Character to Meet the Call

Keith Holloway

In chapters 14, 15 and 16 of Judges, we’re shown how Samson lived his life. Now he knew that he was set apart by God for specific work. The way he lived, however, shows that he struggled with character.

When we go to Hebrews, we see “And what more shall I say? For time would fail me to tell of Gideon, Barak, Samson, Jephthah, of David and Samuel and the prophets—who through faith conquered kingdoms, enforced justice, obtained promises, stopped the mouths of lions” (Hebrews 12:32-33, ESV).

Samson knew full well that he had a holy calling on his life. He is named in the “Hall of Faith” because he knew that he didn’t have any strength of his own to accomplish these great feats. Despite this, he lived loosely.

There is no evidence in the four chapters about his life that he prayed, except once right before he died. He didn’t settle any disputes between people; he didn’t engage with any rulers; he didn’t lead Israel into battle.

Instead, Samson lived a self-indulgent lifestyle, often revolving around a woman. During his wedding, he killed thirty men and took their clothing to fulfill a bet. He seemingly abandoned his wife, and when he discovered that she’d remarried, he burned several of the Philistines’ fields. Then we find him with his head in Delilah’s lap. The Philistines captured him, cut his hair and put his eyes out. God, in his grace and mercy, still gave Samson supernatural strength once more to defeat Israel’s enemies.

This is the same with us. Who among us has a perfect record? God gives us grace and mercy in our time of need. I believe there was so much more that God wanted to do with Samson’s life, though, if only his character had come into alignment with his calling. His story is a warning for us to be mindful of how we live our lives.

Is your character developing according to your natural self? Are you gratifying your own impulses and desires? Or are you allowing the Holy Spirit to fill you with the character of Christ? Are you producing the fruits of the Spirit (see Galatians 5:22-23)?

We will never completely fulfill God’s purpose for our lives until we become men and women of prayer who seek the will of God wholeheartedly. Oh friends, I pray that our characters grow toward the holy calling of God in our lives.

The God Who Is Near

David Wilkerson (1931-2011)

When the Lord takes up residence in us, he brings with him all his power and resources. Suddenly, our inner man has access to God’s strength, wisdom, truth, peace, everything we need to live in victory. We don’t have to cry out to him to come down to us from heaven. He’s already in us. Paul tells us just how powerful we are in Christ.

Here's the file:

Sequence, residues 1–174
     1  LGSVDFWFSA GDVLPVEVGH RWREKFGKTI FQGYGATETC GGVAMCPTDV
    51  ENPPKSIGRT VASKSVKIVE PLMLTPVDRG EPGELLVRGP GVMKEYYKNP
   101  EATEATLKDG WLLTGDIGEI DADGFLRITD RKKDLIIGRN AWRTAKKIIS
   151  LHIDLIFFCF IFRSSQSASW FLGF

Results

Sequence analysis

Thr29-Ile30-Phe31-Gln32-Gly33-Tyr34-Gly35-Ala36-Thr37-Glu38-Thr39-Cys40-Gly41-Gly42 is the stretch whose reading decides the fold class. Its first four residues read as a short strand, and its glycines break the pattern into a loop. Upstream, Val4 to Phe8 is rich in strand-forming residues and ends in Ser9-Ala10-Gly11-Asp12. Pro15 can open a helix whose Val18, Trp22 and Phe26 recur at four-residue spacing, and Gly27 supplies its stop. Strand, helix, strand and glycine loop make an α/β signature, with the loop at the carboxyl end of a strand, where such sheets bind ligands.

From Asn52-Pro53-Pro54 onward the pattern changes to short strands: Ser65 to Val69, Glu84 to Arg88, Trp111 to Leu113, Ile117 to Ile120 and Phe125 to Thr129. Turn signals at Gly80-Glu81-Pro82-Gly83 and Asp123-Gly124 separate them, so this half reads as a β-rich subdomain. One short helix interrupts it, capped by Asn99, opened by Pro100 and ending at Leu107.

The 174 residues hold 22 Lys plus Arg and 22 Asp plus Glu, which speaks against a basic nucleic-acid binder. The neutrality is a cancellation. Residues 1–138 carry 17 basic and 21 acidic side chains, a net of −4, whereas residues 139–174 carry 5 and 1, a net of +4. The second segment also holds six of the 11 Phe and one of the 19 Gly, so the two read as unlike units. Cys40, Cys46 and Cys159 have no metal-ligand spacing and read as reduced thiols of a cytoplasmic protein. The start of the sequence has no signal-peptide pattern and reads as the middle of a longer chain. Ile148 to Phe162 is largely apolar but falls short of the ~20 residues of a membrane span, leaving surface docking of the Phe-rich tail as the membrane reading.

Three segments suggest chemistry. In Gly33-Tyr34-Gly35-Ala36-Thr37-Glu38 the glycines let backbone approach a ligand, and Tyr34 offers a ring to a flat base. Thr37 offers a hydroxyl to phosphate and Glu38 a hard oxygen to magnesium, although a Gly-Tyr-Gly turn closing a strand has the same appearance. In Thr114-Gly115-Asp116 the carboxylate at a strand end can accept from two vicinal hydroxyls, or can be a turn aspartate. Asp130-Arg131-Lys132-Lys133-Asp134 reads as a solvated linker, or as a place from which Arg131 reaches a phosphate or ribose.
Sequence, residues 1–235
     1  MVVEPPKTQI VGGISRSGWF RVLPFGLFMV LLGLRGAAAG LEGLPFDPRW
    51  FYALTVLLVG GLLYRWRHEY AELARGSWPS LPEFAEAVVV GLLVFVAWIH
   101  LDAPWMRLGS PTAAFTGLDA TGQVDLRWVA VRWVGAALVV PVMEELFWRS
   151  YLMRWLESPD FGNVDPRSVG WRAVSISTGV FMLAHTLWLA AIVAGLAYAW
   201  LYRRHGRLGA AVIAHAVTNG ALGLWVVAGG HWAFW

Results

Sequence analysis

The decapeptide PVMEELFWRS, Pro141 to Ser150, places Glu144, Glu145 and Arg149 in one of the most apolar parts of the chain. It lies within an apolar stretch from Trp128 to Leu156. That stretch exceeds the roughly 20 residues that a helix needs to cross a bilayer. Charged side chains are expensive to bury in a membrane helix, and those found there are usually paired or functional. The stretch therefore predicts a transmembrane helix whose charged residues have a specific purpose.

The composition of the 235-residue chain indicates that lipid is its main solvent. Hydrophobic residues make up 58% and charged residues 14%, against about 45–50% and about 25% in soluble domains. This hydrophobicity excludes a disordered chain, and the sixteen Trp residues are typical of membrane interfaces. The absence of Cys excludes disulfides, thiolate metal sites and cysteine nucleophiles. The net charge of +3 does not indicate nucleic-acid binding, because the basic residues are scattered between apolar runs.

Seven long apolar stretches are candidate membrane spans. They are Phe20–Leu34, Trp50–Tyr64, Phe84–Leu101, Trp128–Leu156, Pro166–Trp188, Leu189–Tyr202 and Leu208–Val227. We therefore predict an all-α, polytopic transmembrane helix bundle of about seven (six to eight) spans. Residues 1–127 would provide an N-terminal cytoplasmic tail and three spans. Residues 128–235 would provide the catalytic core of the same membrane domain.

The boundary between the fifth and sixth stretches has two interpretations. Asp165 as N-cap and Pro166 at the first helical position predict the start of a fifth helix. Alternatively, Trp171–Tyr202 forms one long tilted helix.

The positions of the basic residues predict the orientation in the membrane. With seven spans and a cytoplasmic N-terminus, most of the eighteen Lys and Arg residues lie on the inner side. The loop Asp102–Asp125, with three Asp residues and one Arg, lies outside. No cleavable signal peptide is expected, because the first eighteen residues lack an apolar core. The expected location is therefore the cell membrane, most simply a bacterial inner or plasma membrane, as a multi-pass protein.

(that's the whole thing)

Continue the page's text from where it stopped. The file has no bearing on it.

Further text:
“For this reason I bow my knees to the Father of our Lord Jesus Christ, from whom the whole family in heaven and earth is named, that He would grant you, according to the riches of His glory, to be strengthened with might through His Spirit in the inner man, that Christ may dwell in your hearts through faith; that you, being rooted and grounded in love, may be able to comprehend with all the saints what is the width and length and depth and height—to know the love of Christ which passes knowledge; that you may be filled with all the fullness of God” (Ephesians 3:14-19, NKJV).

What an amazing passage. Paul lists but a few of the incredible treasures the Lord has made available to us. Indeed, all of God’s riches are available to us in Christ Jesus. 

Some Christians have created an image of a self-centered God whose only pleasure is in receiving praise. May that never be said about our Lord because that isn’t at all why he has come to abide in us. He has come to show us that he’s a God who is not far off. The Lord wants us to know he isn’t just out in the dark expanse of the cosmos somewhere. He doesn’t flit in and out of our lives at will. No, he’s very present in us, and he never leaves his abode in us.

This is how Jesus could tell his disciples, “Have faith in God. For assuredly, I say to you, whoever says to this mountain, ‘Be removed and be cast into the sea,’ and does not doubt in his heart, but believes that those things he says will be done, he will have whatever he says” (Mark 11:22-23).

When the Father made his dwelling in our temple, he brought to us a strength in our inner man, a deep rooting and grounding in love, as well as access to ask him for all things. He has made all things possible through his divine power at work in us.

Where Does God Dwell?

David Wilkerson (1931-2011)

After Jesus was taken up to heaven, the apostle John received a magnificent vision of glory. He said, “I saw no temple in it, for the Lord God Almighty and the Lamb are its temple. The city had no need of the sun or of the moon to shine in it, for the glory of God illuminated it. The Lamb is its light” (Revelation 21:22-23, NKJV). In other words, the only temple in heaven is Jesus himself.

Now that God’s temple is in glory, sitting at his right hand, where does the Lord dwell on earth? We know that no building can contain God. As God himself says, “Heaven is my throne, and earth is my footstool. Where is the house that you will build me? And where is the place of my rest?” (Isaiah 66:1). Paul echoes this in the New Testament, “God, who made the world and everything in it, since he is Lord of heaven and earth, does not dwell in temples made with hands” (Acts 17:24). If we look for God’s dwelling place in some building, we’re not going to find it.